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The first in a three-part series on New York City parking policy.

Last December, in announcing the goals of his Long-Term Planning and Sustainability initiative, Mayor Michael Bloomberg raised the terrifying specter of New York City commuters in the year 2030 stuck in an eight-hour "rush hour." This all-day traffic jam would become a reality, the mayor said, if New York City failed to plan for growth.

Just a short bus ride away from the Queens Museum of Art, where the mayor delivered his speech, is Downtown Flushing. There, the ideal of the mayor's Long-Term Planning and Sustainability project is running up against the reality of New York City's current-day development boom.

Though Downtown Flushing is accessible by more than twenty bus lines and the number 7 train, two major new development projects, Flushing Commons and Flushing Town Center, have been planned with the assumption that people will come by car. Flushing Commons, a $500 million project which will include a hotel, retail, and community center, is being built on city-owned property. Flushing Town Center is a combination residential and retail complex whose $600 million cost is being helped along by a variety of state tax breaks. Together, the projects will create a net gain of 3,500 hundred parking spaces in Downtown Flushing, an amount more suitable for a suburban mega-mall than the most transit-friendly neighborhood in all of Queens.

New York has a reputation as a walking and public transportation city, and cutting commute times is one of the goals of the PLANYC 2030 project. Yet the city's recent development boom has included the planning and construction of tens of thousands of new parking spaces, many of which are being paid for by public money. New York City and State are, in essence, subsidizing a parking boom that, some experts say, may ensure decades of automobile dependence and traffic congestion no matter what Mayor Bloomberg's Office of Long-Term Planning and Sustainability has to say about it.

No one seems to know exactly how many new parking spaces are being built across New York City, but Matthew Roth of Transportation Alternatives says he can think of 18,000 spots off the top of his head. The new Yankee Stadium includes 10,000 slots for vehicles, more than doubling the amount of parking per fan at the old stadium. The Bronx Terminal market will offer room for 2,800 cars. And vast, accessible parking lots are a basic element of plans for Atlantic Yards, Ikea, Fairway, Whole Foods, Lowe's and many other developments in Brooklyn. In April 2005, Brian Ketcham and Carolyn Conheim of Community Consulting Services tallied up over 20,000 new parking spaces planned, under construction or already built in and around Downtown Brooklyn (Download their PDF).

While many outer borough Community Boards view new parking spaces as a traffic mitigation, experts say otherwise. "Those new parking spaces result in encouraging more people to drive while at the same time you're trying to eliminate traffic by other means," said Jeff Zupan, a transportation analyst with the Regional Plan Association. "You're working at cross purposes, no doubt about it."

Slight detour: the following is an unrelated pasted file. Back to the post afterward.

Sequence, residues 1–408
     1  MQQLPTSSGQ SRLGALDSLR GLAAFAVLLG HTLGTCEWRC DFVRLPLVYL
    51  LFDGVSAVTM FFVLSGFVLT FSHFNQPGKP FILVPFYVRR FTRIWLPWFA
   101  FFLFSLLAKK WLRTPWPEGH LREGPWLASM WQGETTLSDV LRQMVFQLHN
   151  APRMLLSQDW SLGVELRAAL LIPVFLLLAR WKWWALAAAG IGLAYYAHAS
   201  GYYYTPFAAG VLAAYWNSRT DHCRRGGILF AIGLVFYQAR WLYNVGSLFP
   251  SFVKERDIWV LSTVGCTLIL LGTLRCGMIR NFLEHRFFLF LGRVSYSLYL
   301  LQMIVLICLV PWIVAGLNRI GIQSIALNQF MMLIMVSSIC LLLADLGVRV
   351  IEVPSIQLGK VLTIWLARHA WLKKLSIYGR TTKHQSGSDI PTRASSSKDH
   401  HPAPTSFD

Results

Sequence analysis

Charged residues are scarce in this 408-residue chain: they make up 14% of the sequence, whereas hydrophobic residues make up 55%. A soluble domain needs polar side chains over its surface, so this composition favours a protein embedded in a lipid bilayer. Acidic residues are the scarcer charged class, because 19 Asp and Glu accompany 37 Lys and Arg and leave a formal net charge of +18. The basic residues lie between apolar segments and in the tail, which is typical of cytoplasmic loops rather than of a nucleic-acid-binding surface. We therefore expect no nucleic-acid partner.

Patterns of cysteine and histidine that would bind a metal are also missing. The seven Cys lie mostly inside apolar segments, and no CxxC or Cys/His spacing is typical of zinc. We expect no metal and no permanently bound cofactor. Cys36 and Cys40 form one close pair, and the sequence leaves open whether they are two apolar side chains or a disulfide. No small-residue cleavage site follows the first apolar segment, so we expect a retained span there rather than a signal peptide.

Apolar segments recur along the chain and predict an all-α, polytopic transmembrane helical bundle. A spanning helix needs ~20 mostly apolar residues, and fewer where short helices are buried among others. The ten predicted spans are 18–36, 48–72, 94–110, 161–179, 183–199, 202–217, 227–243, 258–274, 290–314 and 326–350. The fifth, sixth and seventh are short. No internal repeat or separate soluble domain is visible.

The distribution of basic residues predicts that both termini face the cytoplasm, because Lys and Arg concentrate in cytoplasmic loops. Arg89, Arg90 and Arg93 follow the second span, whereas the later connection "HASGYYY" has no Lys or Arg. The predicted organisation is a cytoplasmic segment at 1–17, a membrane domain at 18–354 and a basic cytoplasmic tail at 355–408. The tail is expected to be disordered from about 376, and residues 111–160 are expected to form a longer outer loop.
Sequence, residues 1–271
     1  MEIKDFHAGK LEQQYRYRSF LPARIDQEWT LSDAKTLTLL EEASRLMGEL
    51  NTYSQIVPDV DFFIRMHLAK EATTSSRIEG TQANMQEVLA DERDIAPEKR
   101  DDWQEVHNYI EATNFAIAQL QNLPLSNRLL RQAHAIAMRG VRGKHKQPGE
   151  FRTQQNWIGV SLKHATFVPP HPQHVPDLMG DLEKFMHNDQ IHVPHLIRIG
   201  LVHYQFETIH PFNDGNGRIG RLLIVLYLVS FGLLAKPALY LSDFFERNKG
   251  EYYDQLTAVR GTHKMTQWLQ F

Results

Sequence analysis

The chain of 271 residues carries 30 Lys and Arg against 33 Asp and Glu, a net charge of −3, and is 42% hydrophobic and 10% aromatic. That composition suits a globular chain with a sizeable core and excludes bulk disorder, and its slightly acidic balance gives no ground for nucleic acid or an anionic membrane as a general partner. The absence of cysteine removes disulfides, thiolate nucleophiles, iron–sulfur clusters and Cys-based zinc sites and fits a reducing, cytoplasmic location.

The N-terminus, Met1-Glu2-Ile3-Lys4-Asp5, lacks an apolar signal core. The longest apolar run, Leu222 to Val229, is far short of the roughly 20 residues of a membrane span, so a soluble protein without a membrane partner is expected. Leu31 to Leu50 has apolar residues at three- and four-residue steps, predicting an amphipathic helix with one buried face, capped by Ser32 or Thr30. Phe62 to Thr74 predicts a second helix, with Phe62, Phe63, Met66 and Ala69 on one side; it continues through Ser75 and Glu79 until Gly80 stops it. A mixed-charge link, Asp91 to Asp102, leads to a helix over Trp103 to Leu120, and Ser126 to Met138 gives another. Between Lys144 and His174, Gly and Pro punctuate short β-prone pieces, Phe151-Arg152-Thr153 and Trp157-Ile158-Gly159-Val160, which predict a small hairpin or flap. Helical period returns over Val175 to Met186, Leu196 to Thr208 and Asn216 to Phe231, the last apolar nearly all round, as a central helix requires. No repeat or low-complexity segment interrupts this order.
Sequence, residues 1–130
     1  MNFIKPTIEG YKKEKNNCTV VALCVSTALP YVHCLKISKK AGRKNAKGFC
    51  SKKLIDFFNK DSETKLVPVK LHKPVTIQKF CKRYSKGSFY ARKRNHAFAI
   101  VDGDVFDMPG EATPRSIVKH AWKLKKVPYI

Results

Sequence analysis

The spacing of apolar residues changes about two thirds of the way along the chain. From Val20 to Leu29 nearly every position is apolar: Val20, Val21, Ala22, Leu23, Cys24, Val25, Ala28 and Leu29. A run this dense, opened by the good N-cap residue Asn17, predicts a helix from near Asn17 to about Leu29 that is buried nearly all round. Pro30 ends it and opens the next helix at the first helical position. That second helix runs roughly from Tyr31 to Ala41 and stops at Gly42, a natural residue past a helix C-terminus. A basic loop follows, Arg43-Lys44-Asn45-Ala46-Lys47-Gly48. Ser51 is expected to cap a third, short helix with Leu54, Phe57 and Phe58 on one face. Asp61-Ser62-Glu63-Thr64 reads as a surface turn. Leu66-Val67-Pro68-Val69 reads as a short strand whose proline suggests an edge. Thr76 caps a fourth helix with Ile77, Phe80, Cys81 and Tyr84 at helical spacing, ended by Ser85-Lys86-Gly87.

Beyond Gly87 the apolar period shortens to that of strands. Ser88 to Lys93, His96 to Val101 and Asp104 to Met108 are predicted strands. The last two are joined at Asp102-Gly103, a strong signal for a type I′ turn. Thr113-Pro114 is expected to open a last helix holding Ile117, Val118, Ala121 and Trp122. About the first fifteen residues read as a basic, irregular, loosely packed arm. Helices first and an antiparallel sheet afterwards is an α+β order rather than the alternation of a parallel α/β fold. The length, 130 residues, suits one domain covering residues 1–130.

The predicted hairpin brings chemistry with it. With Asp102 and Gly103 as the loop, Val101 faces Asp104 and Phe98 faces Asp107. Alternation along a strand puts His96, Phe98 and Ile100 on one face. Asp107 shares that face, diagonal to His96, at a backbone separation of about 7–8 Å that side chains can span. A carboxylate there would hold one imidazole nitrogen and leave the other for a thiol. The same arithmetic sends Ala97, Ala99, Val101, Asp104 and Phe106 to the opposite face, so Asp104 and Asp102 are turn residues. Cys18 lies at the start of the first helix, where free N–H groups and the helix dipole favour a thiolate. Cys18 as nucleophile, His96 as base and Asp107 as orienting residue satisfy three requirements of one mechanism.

All of this new parking space is necessary, city officials say, because outer borough New Yorkers are more likely to drive where public transportation is not as developed. Even in Flushing, with its wealth of transit, Councilmember John Liu (chair of the council's transportation committee), has fought to keep the cost for parking at Flushing Commons below market rate and to keep the number of new spaces as high as possible, despite studies that show they aren't all needed.

The City Planning Department has long tried to restrict driving in Manhattan's Central Business District by not requiring developers to include parking, putting caps on the amount of parking that can be built, and taxing parking lots. A recent, notable exception is the rezoning of the enormous Hudson Yards area on Manhattan's West Side. City dollars are being spent on extending the 7 train to the area. Still, developers will also be required to build a certain amount of parking based on the size of the buildings they are constructing. These are the first such parking requirements in Manhattan since 1982.

City officials argue that they are simply providing people with a choice by accommodating both public and private transportation. But UCLA Professor Donald Shoup, whose book The High Cost of Free Parking is the most thorough examination of parking ever written, argues that simply offering a choice won't cut congestion.

"Off-street parking requirements encourage everyone to drive wherever they go," he writes, "because they know that can usually park free when they get there." Inexpensive and abundant parking, in other words, creates more traffic congestion. So, how does Mayor Bloomberg square his administration's laudable long-term sustainability goals with the boom in parking that his administration has, in many cases, promoted and subsidized?

Photo: wakejunkie/Flickr

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